To learn some geology,
try pouring a cool cocktail.
Plate tectonics may be about to be
turned on its head. Instead of being heated from below
like water on a stove, the Earth's interior could have
more in common with a neat gin on the rocks.
While geologists agree that the plates
of the Earth's crust are constantly moving, nobody is
quite sure why. Some believe that heat from within the
Earth causes convection currents in the molten interior
that drive the plates. But geophysicist Don Anderson
of the California Institute of Technology in Pasadena
thinks the convection could be triggered by the plates
themselves. Efforts to model mantle convection based
on heat from below have failed.
"Those convection calculations
have never come up with plate tectonics or anything
resembling the present situation on Earth," Anderson
Thinking about the problem from the
top down may be the key. The new view is that where
the hot mantle comes into contact with the relatively
chilly crust above, it cools and sinks. The same thing
happens when you order a drink on the rocks, says Anderson.
"If you put two ice cubes in a
glass of gin, the gin next to the ice cubes will get
cold and sink."
By studying the pattern of the plates
today and in the past, Anderson concludes that the Earth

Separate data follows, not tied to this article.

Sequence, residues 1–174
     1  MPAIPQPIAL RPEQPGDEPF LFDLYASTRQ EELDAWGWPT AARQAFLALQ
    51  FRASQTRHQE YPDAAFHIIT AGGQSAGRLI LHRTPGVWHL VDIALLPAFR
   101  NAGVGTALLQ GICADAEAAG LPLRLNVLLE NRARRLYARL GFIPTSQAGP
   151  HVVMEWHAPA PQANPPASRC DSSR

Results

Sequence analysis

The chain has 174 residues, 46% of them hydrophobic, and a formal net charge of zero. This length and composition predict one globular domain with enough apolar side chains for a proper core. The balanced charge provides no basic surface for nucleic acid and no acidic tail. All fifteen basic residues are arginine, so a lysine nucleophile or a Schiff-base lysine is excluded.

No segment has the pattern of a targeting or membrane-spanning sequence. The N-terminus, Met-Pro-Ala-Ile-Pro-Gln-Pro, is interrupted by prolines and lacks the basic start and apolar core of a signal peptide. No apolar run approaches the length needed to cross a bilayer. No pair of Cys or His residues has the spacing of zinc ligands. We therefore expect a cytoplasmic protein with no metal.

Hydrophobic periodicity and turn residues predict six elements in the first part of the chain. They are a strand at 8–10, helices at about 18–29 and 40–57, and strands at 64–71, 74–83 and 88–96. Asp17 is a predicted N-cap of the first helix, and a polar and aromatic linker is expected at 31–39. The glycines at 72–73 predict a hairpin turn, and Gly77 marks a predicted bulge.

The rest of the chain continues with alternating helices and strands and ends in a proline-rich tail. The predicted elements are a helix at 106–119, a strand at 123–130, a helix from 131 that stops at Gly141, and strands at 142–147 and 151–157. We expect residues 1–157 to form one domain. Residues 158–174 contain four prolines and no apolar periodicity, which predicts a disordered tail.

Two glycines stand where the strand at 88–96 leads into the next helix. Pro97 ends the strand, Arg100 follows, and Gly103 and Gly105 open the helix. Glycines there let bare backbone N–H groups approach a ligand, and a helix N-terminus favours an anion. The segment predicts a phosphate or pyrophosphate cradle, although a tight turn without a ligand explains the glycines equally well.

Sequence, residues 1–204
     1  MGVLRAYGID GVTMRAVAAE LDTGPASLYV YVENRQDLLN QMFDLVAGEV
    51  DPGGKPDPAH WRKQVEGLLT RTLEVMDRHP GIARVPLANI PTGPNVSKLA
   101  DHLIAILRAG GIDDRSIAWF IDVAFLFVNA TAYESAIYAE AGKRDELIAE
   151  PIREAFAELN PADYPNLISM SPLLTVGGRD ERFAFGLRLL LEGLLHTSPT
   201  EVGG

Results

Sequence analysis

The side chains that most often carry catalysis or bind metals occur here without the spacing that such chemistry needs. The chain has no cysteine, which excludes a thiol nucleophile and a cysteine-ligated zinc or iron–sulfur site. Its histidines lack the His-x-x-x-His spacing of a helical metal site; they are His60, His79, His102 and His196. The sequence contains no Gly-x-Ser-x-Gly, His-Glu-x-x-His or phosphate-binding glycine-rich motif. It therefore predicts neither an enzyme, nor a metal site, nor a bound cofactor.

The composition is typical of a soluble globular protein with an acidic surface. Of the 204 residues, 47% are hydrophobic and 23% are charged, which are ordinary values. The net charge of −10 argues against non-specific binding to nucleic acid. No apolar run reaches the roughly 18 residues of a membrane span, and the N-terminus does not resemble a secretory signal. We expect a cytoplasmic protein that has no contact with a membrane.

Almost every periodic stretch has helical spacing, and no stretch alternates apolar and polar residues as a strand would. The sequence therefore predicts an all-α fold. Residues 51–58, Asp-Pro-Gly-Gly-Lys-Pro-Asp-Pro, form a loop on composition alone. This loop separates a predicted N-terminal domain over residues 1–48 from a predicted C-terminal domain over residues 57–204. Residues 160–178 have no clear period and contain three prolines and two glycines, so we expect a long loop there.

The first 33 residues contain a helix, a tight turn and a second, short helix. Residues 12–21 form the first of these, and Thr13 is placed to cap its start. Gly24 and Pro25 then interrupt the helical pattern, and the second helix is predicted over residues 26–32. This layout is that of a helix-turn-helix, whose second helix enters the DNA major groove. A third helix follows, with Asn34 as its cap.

is in a transitional state between so-called "ideal
configurations" – low-energy, stable states
seen in other spherical systems such as buckyballs and
"If things ever settle down to
an equilibrium state, then the ideal number of plates
seems to be somewhere around 12," he adds.
Although Earth does have roughly 12
plates, they have widely different shapes and sizes.
It's an unstable configuration but may eventually even
out into patterns where three similar plates meet at
triple junctions. This is typical of systems in nature
that are controlled by surface processes, and Anderson
speculates that the Earth's plates are controlling the
interior, not vice versa.
"It shows that plate tectonics
is much more powerful than people thought," he
If Anderson is right, geologists may
have to reconsider why some volcanoes appear where they
do. Volcanic activity where two plates collide can easily
be blamed on plates melting as one is forced under the
other. But when volcanoes emerge in the middle of a
plate, geologists usually invoke a narrow plume of hot
mantle rising up from deep within the Earth and bursting
through the crust.
Anderson, however, believes that weak
spots in the plates rather than plumes control where
the hot magma erupts onto the surface.